"We want football where every hit is brutal but no one gets hurt and baseball where everyone hits 40 home runs but no one uses steroids."

"We want government to deliver all these things — then cut taxes and then cut taxes some more."

"Mostly, we want what we want, and we want it now."

"Personally, I want leaders who will tell us frankly that all these things are not possible, that the blessings of infrastructure and education given us by our fathers are wearing out. I want thinkers who can paint a picture of a greater America that could exist in 50 or 100 years, and then unite us with a roadmap to get there. I want America to have a shared vision and an understanding that we all benefit when we all contribute, and that we all suffer when we demand only for ourselves. I want leaders who will tell the truth: that there is no free lunch."

"But then, I also want the World Series to end in early October, yet I know that some things are just too grand to even wish for."

Monday, November 8, 2010

Bread and Circuses, Beer and Barbecue - Same Thing

An interesting day yesterday. I, along with a pastor from the neighborhood, attended a 'block party' thrown by the scrap metal yard owners on Lamar Street in South Dallas. I had gotten wind of this event a couple of weeks ago and subsequently found out that during the event there would be unveiled a 'compromise' with the community regarding their presence in the neighborhood.

For nearly two years, CitySquare has been working with neighborhood, church and business leaders, to develop a plan which has turned to be an alternative to the Texas Department of Transportation's redesign of the S.M. Wright Freeway. The plan is actually more comprehensive than just the 'road project' proposed by TxDOT. It calls for redevelopment along the Lamar Street corridor and for the relocation of the heavy industrial usages along the Lamar. Initially, the owners of Gold Star Metal Recyclers was a part of those conversations. While not in total agreement with the design that didn't include this business usage, the residents were clear and have repeated, that the metal recyclers should be a part of the redevelopment but that scrap metal yards were not compatible with the type of neighborhood they want to see. Subsequent meetings have not only reiterated this, but with mutual assurances that the sides would 'work together'. In fact, invitations were extended to meet with community leaders to hear any plans the business owners had that might serve as a compromise in this planning.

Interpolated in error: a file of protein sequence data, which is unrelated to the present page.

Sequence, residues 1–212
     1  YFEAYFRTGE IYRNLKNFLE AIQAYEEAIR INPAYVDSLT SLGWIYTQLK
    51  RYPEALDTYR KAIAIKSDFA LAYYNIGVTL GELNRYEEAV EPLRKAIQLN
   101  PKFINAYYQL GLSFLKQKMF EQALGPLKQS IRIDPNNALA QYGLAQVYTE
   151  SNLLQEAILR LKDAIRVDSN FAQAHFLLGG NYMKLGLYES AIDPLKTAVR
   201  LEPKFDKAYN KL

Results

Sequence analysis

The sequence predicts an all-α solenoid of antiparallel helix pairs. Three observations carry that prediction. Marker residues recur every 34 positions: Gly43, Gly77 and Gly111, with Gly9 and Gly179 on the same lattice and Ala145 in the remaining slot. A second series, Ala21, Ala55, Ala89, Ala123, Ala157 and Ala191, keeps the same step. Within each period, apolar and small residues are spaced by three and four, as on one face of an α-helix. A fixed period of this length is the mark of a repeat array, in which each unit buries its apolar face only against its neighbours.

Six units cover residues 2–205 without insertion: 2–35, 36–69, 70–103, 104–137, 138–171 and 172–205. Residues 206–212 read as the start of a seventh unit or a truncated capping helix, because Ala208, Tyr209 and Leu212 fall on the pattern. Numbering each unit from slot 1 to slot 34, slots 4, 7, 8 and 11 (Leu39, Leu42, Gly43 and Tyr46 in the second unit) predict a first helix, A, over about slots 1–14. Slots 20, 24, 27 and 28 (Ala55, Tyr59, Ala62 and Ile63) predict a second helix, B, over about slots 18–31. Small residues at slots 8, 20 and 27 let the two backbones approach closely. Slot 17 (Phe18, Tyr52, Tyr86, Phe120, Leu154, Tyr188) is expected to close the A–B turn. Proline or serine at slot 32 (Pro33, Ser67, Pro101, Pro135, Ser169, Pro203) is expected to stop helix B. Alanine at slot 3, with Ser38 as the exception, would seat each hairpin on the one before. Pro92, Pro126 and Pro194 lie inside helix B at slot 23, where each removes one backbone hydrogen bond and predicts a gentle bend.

What happened on Sunday was a commercial for the viability of Gold Metals, its 'love' for the community and it's desire to work with them. Complete with free barbecue, t-shirts and soft drinks, the virtues of the owners, employees and their families were extolled and politicians were on stage to sing their praises. There was also a video that showed their 'vision' for the area. The video rendering showed a boulevard effect, with commercial and residential usages - commercial that includes the scrap metal yards...

As has been repeatedly stated: no one views the owners of these recycling plants as bad people. No one views these businesses as bad businesses. In all of the local and national conversations regarding 'green' businesses, this is a frontline industry. They simply don't belong in residential areas!

There is a point to which they get a pass for being here in the first place. Gold Metal owners remind us that they have been in the area for 35 years. But they have been there because the city allowed zoning that was incompatible for the community. It happened during a time when the city of Dallas' minority representation was limited to two African-American councilmen (no Hispanics) and only one of the black council members represented the entirety of South Dallas proper. This after years in which the entire black community only had one black councilman.

The effect of this rezoning and the previous construction of S.M. Wright Freeway, was to drive down property values. The collateral public disinvestment in the area, including the lack basic city services led to the diaspora of the areas middle class further south where the neighborhoods were nicer, the homes were larger and the schools, opportunity for shopping and a commuter culture made for a better quality of life. Dallas is not dissimilar to other areas of the country in this regard. As these areas lose their middle class, as property values are depressed. As businesses leave, what remains are those who are poorer, investors are more skewed toward speculators and business that cater more to the weaknesses of those who remain proliferate.

Changing times are bringing to light greater needs for the entire city. And those who oppose the plans developed by the South Dallas Hope Initiative and Unify South Dallas don't take those needs into account. Citizens to the north, which has benefited disproportionately (when compared to the Oak Cliff section further to the south) from the disinvestment in South Dallas, now carry at least 80% of the tax burden. City leaders mistakenly tout the development of downtown as the answer. The answer lies south. Dallas cannot expect to grow more prosperous as long as 80% of its land mass carries a shade over or under 20% of the tax burden. But the problem is it can carry no more of that tax burden as long as it remains under developed or undeveloped. While there are those who decry the expense of the investment necessary to correct this disparity, the fact is failure to do so, means more of the same.